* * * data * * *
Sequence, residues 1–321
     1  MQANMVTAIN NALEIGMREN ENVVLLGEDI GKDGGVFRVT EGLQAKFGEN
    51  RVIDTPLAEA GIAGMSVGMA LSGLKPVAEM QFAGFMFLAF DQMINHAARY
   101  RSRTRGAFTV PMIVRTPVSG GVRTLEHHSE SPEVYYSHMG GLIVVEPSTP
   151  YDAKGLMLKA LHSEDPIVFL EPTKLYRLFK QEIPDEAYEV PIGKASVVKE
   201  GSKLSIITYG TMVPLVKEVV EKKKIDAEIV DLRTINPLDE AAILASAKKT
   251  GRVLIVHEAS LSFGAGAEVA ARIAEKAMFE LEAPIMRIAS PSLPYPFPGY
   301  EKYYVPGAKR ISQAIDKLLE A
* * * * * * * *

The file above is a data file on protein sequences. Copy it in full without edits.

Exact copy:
Sequence, residues 1–321
     1  MQANMVTAIN NALEIGMREN ENVVLLGEDI GKDGGVFRVT EGLQAKFGEN
    51  RVIDTPLAEA GIAGMSVGMA LSGLKPVAEM QFAGFMFLAF DQMINHAARY
   101  RSRTRGAFTV PMIVRTPVSG GVRTLEHHSE SPEVYYSHMG GLIVVEPSTP
   151  YDAKGLMLKA LHSEDPIVFL EPTKLYRLFK QEIPDEAYEV PIGKASVVKE
   201  GSKLSIITYG TMVPLVKEVV EKKKIDAEIV DLRTINPLDE AAILASAKKT
   251  GRVLIVHEAS LSFGAGAEVA ARIAEKAMFE LEAPIMRIAS PSLPYPFPGY
   301  EKYYVPGAKR ISQAIDKLLE A